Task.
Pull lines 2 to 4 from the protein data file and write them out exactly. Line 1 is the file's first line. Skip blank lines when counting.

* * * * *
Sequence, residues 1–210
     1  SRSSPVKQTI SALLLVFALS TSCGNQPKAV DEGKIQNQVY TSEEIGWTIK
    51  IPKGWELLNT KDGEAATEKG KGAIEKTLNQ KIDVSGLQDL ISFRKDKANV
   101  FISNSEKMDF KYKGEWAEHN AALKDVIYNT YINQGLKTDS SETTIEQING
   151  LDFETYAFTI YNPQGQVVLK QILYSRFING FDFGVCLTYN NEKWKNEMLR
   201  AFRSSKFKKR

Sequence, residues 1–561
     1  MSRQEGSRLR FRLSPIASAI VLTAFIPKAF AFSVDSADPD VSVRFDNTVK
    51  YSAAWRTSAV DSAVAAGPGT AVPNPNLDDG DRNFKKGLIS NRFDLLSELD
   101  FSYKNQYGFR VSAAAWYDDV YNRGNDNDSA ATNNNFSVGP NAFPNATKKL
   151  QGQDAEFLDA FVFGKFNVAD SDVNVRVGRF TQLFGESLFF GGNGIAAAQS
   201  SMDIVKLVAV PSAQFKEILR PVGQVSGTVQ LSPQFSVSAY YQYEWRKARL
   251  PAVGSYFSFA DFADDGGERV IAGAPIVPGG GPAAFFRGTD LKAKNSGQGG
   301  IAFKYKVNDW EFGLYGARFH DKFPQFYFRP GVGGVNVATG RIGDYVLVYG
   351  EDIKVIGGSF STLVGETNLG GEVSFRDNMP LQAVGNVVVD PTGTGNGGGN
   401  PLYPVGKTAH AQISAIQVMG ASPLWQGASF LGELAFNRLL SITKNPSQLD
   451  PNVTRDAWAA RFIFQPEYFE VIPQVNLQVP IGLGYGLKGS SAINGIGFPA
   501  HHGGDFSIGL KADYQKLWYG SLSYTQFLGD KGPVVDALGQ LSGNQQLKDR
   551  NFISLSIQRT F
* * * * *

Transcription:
     1  SRSSPVKQTI SALLLVFALS TSCGNQPKAV DEGKIQNQVY TSEEIGWTIK
    51  IPKGWELLNT KDGEAATEKG KGAIEKTLNQ KIDVSGLQDL ISFRKDKANV
   101  FISNSEKMDF KYKGEWAEHN AALKDVIYNT YINQGLKTDS SETTIEQING